A Few Details
Construction begins with a very comprehensively fitted-out cockpit. This being a ProfiPACK kit, Eduard give the option to go with moulded or photo-etched details in many cases and, depending on which route you follow, you're looking at around 50 parts in total. Highlights for me are the excellent pre-coloured etched instrument panels and equipment fascias, plus a multi-part seat harness (just lap belts or a full harness, depending on whether you're modelling an early or later machine). If you go for the moulded panel, Eduard provide pin-sharp decals for the instruments.
The only point I can see being really tricky is that the instructions indicate to carve away a moulded-on document pouch on the port cockpit side. There's nothing to cover the area and removing it will also take away the underlying fuselage rib, meaning a repair job, so I'd advise anyone unsure of doing the surgery to leave well alone. In fact, a period cockpit photo in Squadron's F4F Walk Around book shows the document case in situ, so I think I'll take that as good enough reason to leave it be too.
Engine Bearers & Undercarriage
The area in the open wheel well is a delicately detailed cat's cradle of struts. The chain mechanism for retracting the undercarriage is a separate part and much finer than the depiction in the Tamiya and Hobby Boss kits. The undercarriage is a more complicated affair than in either of the latter kits, using double the number of parts, but it really promises to capture the look of the original beautifully. Be very careful removing the components from the runners, because some of the attachments are as thick as the parts themselves - I recommend using an ultra-fine razor saw to avoid stressing them.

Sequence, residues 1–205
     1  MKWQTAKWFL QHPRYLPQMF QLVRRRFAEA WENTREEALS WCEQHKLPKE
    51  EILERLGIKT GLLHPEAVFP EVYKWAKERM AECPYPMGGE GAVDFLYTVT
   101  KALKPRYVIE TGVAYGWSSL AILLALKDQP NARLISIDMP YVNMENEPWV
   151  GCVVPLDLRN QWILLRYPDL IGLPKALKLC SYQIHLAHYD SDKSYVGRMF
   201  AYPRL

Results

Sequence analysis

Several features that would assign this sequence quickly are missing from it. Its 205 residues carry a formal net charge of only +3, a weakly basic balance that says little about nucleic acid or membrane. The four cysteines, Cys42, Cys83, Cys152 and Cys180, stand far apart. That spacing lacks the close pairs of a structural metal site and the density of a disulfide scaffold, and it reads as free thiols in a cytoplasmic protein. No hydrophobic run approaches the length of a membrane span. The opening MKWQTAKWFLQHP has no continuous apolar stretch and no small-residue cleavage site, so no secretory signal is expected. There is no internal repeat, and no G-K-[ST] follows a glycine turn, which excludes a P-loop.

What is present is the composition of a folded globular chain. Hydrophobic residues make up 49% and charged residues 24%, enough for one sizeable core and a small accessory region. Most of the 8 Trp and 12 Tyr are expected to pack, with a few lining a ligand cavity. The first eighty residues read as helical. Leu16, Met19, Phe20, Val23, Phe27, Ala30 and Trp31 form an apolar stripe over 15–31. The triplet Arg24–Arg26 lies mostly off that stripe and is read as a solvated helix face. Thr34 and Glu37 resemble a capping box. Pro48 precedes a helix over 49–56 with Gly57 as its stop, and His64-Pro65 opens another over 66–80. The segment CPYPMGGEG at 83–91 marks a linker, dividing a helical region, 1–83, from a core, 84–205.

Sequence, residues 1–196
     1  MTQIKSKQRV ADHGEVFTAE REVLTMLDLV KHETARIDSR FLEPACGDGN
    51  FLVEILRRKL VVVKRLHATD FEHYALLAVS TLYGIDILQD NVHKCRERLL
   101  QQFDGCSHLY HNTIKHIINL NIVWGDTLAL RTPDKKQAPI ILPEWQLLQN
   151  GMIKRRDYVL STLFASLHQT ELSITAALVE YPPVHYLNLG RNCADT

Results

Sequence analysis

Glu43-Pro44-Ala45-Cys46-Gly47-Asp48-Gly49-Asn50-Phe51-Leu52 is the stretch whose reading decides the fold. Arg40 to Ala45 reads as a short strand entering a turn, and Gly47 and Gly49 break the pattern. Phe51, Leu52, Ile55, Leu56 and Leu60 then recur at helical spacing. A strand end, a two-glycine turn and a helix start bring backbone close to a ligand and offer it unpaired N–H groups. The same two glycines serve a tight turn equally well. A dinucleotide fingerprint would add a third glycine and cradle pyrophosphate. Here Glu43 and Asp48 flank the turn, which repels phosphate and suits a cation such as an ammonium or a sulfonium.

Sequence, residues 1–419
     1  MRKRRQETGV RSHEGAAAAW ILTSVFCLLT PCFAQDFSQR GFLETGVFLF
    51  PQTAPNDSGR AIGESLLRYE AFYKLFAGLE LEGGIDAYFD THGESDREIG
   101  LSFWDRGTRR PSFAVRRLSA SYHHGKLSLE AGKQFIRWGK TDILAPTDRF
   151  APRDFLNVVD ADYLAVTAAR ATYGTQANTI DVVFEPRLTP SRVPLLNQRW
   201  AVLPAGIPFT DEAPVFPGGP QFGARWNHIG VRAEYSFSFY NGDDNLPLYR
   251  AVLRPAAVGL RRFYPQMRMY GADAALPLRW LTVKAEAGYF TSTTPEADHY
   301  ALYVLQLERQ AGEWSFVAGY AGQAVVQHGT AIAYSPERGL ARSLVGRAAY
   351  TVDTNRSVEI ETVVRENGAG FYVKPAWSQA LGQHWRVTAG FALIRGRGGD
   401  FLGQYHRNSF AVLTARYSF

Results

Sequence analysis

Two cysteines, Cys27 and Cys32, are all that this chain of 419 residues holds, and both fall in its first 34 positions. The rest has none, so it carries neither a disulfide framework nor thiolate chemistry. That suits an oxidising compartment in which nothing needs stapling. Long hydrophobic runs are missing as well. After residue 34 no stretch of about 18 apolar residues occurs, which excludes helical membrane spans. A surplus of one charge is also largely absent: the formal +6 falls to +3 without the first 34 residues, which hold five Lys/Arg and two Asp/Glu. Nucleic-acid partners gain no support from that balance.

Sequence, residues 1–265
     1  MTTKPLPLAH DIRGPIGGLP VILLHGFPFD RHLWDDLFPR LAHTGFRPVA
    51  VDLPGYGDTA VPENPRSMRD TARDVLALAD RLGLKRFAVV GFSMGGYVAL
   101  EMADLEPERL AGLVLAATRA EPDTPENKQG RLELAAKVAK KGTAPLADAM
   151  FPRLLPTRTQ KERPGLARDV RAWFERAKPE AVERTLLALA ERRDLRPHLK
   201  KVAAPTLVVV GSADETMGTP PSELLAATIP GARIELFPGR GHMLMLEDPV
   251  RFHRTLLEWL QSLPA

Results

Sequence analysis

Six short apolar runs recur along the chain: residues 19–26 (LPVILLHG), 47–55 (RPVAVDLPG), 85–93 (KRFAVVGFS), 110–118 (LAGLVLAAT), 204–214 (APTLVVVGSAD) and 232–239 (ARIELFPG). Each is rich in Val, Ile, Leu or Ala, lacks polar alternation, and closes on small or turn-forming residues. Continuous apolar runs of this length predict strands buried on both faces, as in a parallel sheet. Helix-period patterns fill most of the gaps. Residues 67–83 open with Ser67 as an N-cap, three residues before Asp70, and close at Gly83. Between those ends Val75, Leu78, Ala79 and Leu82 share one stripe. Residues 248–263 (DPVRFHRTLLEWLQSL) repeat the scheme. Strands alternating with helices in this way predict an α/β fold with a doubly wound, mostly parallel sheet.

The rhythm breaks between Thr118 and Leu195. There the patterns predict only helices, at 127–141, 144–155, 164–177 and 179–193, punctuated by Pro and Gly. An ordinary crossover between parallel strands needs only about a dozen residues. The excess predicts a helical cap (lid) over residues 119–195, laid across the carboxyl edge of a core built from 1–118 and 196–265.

The mainwheel and tailwheel are neatly moulded. The mainwheels have separate inner and outer hubs, while a choice of solid or inflated tailwheels is provided.
The P&W R-1830 looks good, and Eduard have included parts to cover the variations in magneto positions, air intakes and cowl flaps. There's no ignition harness provided, but adding this will bring the crisply moulded 5-part engine to life. The exhausts are moulded hollowed-out with convincingly thin walls. The propeller has a separate boss, but one thing I don't like is moulded guides for painting the tips of the blades - that does seem like a throwback to an earlier modelling era and out of place in a kit like this.
Six .50 guns are included on the runner - another sure sign that later Wildcat variants are planned. The barrels aren't slide-moulded, so you may want to open up the muzzles with a fine drill.
The clear parts are beautifully thin and the canopy can be displayed open or closed. There's the option for an early-style telescopic gunsight for one of the colour schemes and the canopy frames are crisply defined. The die-cut washi-tape masks will be a big time-saver, and it's the ideal material for masking as it conforms to contours excellently and doesn't leave any residue.
Instructions & Decals